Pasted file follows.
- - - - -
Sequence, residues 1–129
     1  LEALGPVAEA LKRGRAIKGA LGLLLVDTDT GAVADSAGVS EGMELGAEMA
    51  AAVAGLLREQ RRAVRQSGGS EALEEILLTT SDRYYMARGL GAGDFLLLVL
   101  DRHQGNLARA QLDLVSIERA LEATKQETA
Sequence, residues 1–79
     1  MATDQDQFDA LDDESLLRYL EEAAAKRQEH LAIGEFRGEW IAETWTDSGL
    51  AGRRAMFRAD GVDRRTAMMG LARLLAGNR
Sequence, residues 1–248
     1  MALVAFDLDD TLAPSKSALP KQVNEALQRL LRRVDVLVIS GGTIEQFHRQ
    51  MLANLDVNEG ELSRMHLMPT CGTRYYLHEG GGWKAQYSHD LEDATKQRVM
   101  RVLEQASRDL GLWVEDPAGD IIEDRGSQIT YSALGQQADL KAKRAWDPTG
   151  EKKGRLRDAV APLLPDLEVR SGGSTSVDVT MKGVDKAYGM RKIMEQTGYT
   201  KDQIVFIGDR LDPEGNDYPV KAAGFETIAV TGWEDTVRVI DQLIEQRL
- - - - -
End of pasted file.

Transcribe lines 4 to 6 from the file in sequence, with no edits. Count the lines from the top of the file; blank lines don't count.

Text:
   101  DRHQGNLARA QLDLVSIERA LEATKQETA
Sequence, residues 1–79
     1  MATDQDQFDA LDDESLLRYL EEAAAKRQEH LAIGEFRGEW IAETWTDSGL